Because of this you have to look to find out whether the images are just painted or are statues which have been painted.

There is much more to see in the museum, from statues to paintings, from utensils to religious ceremonial objects.

Villa Borghese

Villa Borghese.

After crowded Rome it's wonderful to relax in the quiet park of Villa Borghese. On the map the old city wall is indicated and I decide to walk via the city wall to the park.

But the wall is not everywhere and soon enough I lose my way. When I take a look at the map, an old man approaches me: "I zpeakah Englis." He advises me to take the bus.

When I'm on the bus, it turns out that I can't buy a ticket. The driver is enclosed behind a glass wall. Oh well, I'll go without a ticket.

When I see a sign "Villa Borghese," I get off the bus at the next stop. And I am in front of the entrance of the park. The bus turns into the park: there are bus stops throughout Villa Borghese.

At first I don't know where to go and so I wander along fountains, a kind of athletics course and statues. It becomes clear to me that "villa" is Italian for park. It does not refer to a building.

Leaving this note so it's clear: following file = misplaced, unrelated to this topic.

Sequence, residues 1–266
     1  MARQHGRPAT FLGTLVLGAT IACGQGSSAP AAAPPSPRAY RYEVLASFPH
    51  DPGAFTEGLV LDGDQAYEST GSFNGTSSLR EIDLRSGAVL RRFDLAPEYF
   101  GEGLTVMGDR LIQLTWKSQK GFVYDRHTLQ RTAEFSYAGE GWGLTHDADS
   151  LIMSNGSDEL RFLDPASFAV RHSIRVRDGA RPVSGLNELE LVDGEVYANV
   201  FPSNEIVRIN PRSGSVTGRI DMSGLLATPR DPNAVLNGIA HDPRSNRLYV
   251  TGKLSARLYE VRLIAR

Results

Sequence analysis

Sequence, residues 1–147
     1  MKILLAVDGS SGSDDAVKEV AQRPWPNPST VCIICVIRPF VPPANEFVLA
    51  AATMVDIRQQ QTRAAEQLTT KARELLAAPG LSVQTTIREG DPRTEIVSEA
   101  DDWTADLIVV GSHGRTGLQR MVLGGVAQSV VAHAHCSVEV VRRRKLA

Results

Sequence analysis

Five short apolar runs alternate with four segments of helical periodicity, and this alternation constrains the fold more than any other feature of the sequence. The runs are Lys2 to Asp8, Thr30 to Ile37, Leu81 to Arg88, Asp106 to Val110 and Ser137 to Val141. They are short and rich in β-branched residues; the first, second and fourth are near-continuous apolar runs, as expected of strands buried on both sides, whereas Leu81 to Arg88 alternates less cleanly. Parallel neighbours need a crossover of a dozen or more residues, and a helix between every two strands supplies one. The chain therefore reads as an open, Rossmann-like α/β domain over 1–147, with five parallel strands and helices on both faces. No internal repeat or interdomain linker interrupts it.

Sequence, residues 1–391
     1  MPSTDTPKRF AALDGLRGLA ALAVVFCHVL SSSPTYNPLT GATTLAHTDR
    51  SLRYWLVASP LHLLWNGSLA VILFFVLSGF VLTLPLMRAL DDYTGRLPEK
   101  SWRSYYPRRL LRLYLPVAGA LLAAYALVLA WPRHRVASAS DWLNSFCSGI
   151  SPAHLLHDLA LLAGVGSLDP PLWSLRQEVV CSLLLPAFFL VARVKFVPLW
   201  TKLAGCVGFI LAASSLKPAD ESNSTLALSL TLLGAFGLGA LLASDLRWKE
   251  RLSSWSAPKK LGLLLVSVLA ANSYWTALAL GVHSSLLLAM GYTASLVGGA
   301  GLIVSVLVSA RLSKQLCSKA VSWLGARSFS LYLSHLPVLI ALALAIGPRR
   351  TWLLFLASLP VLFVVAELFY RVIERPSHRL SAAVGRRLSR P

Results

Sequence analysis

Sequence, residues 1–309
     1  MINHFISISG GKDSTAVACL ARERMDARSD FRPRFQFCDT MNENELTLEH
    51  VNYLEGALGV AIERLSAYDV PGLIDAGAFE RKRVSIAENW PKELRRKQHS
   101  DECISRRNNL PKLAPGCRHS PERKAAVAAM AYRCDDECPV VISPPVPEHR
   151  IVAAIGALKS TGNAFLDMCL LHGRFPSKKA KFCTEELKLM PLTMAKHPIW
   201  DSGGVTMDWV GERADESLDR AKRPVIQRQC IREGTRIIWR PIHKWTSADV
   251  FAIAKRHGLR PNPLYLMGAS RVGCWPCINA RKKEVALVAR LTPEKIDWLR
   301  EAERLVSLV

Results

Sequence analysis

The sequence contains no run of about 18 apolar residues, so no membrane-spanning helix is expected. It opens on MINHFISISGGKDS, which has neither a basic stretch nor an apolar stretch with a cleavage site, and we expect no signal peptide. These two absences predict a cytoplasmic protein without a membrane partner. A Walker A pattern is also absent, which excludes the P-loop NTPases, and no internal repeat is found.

The zoo is at the other end of the park, so while walking to it, I see most of the park. The entrance fee to the zoo is only 8 euro. The zoo itself is spacy, but clearly still in the process of improving animal habitats. Some animals already have surroundings that are adapted to their natural habitats, but others are still in cages.

The zoo has several picnic spots and a playground for kids. They are used well. The zoo is an outing for many Italians.

There are other parks attached to Villa Borghese. Sometimes you don't even notice getting from one to the other, but sometimes the parks are fenced in by huge walls. They are just as beautiful as Borghese and also have statues, foutains and places to sit down.

It's so hot in June that most people just want to sit in the shade. For me it's the perfect place to wait until it's time to take the train to the airport.

Biggest Jailbreaks in History